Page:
UPDATED: Saline Settles Wastewater Violation With State

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Brian Marl was the only member of the Saline City Council to vote against a settlement that has been reached between the city and state Department of Environment, Great Lakes and Energy, at the September 13 meeting.

The settlement stems over an inspection that EGLE conducted in 2019 of the Wastewater Treatment Plant, where they found that the city was not adequately cleaning the effluent before discharging it back into the environment at the end of the cleansing process.

O’Toole says that she has already reduced the $100,000 fine the city agreed to pay Lansing down to $80,000 by sending a Corrective Action Plan to EGLE ahead of the November 1 deadline.

“We’ve already completed that requirement. We’re just awaiting a response from EGLE that they have accepted [it],” City Manager Colleen O’Toole said.

The problem was that heavy rainstorms overloaded the system in 2019 combined with faulty equipment meant that the wastewater treatment plant wasn’t operating efficiently enough to meet state standards. The city committed tens of millions of dollars to expand and modernize its wastewater treatment plant earlier this year.

When asked, O’Toole said that the decision to expand and modernize the wastewater treatment plant came at least partially from this dispute with EGLE. She also confirmed that at least some of what the State of Michigan is requiring of the city is already covered in the plans to expand anyway.

“The City was not in the process of expanding or modernizing its plant prior to the start of negotiations on the Administrative Consent Order. Paragraph 3.2 B of the ACO outlines requirements for the city to submit a schedule for implementing infrastructure improvements at the wastewater treatment plant,” Scott Dean, EGLE’s Strategic Communications Director, said in an email to the Sun Times News.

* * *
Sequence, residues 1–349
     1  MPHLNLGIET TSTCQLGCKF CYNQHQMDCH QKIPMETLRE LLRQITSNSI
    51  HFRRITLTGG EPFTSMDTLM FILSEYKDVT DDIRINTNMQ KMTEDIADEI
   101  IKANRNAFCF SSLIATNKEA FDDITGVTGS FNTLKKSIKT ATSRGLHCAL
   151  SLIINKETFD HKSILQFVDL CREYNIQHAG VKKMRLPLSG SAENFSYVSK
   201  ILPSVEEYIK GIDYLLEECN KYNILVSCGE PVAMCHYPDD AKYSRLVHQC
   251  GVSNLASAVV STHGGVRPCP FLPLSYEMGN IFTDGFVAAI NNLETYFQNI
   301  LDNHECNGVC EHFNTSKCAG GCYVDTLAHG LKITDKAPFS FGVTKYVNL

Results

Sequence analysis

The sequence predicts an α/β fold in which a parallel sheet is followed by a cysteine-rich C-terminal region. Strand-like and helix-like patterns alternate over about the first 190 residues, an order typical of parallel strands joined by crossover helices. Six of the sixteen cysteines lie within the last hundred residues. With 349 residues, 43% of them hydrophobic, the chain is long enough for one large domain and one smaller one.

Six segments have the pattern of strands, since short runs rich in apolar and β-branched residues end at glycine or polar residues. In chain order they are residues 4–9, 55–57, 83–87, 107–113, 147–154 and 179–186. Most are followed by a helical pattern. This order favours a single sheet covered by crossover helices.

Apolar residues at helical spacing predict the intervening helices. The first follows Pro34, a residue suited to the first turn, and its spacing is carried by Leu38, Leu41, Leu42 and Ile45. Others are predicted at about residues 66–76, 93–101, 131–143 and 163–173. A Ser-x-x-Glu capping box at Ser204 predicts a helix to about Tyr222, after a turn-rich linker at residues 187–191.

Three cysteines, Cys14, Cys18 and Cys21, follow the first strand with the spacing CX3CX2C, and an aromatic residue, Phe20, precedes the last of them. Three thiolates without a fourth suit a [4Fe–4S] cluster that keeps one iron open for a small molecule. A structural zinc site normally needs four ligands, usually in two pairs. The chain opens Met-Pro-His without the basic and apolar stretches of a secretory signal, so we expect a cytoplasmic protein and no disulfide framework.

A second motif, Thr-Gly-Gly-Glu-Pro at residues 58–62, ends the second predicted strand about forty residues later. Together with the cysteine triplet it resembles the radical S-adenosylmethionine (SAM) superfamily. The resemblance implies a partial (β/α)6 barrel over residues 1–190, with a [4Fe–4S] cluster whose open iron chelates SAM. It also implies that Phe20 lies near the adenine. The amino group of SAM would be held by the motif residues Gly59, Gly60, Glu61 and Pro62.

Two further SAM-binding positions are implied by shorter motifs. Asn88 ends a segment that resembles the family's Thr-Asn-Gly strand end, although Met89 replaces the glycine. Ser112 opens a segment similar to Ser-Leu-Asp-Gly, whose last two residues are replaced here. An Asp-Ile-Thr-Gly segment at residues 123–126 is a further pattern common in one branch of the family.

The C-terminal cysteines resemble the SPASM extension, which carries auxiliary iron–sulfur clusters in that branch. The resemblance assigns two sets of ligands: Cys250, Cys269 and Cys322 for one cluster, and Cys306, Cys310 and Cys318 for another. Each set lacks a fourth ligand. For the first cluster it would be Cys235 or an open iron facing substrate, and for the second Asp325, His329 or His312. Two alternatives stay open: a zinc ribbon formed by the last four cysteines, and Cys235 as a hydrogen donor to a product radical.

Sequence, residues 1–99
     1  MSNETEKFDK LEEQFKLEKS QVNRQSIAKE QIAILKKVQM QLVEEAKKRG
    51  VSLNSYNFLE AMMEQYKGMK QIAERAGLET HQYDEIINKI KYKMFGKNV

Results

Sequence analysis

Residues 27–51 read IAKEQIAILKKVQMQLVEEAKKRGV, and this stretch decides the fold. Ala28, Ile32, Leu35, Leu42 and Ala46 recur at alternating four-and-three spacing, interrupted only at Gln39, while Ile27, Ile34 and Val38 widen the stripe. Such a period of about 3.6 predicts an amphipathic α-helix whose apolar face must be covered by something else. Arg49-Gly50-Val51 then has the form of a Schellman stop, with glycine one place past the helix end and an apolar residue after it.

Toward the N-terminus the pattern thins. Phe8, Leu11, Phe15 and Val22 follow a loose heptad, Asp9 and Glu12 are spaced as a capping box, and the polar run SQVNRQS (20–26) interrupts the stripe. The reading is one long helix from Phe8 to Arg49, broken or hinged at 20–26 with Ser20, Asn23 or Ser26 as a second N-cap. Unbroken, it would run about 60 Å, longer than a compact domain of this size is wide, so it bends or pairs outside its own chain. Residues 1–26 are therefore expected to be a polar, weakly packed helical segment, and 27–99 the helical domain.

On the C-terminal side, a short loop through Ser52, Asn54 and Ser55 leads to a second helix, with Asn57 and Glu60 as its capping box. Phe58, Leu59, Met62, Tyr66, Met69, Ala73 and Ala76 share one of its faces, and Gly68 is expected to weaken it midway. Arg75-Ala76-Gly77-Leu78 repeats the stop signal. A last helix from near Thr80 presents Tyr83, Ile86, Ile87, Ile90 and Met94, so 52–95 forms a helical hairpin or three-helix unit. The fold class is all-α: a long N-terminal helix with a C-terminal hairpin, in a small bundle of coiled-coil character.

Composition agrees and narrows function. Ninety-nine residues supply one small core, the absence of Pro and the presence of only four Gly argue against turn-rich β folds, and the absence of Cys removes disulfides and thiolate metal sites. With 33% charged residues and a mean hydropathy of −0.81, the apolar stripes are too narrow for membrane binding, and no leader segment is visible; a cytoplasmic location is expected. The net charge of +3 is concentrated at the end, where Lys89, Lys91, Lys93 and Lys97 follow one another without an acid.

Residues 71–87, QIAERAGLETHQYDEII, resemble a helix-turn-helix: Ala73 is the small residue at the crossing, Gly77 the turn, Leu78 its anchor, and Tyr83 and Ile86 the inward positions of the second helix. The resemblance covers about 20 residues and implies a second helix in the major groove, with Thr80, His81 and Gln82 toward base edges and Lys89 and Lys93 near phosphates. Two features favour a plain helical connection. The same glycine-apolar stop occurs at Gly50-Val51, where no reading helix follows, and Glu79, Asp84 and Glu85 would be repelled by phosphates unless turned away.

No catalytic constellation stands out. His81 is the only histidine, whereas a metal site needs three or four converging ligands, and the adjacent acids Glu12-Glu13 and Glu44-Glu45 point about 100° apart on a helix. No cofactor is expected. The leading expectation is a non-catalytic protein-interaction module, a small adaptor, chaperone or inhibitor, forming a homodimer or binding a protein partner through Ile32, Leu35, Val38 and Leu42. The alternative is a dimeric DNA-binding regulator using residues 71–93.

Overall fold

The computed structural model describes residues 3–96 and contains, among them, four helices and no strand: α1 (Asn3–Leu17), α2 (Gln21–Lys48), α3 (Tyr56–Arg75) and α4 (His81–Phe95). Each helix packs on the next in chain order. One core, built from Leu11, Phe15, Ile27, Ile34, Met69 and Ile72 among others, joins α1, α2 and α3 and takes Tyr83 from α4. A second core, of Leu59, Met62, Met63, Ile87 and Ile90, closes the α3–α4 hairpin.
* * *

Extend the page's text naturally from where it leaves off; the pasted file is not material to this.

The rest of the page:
The city has until the first of February to install an EGLE approved tracking system to monitor the future performance of the plant and the city has agreed to new reporting standards. If the city fails to meet those standards, fines could range anywhere from $200 to $4,859.

The city will be utilizing two consultant companies in this process. It will be consulting Tetra Tech, as it already is in the remodel, as well as Infrastructure Alternatives Inc.. Tetra Tech has long declined to comment except through their client, the city. IAI did not immediately respond to a request for comment.

“Entering a consent order to recognize that things have gone wrong in the past is not a desirable situation to be in. But I view this as a really positive outcome for the city because now we have a clear path. We’ve had great communications with the state on what needs to be done and what the next steps are so we don’t find ourselves in that situation again,” O’Toole said. “From my perspective as an administrator, it’s really going to provide some useful outputs and give our staff an opportunity to get the information to succeed as we move forward.”

Marl declined comment.

Image Credit: The City of Saline.

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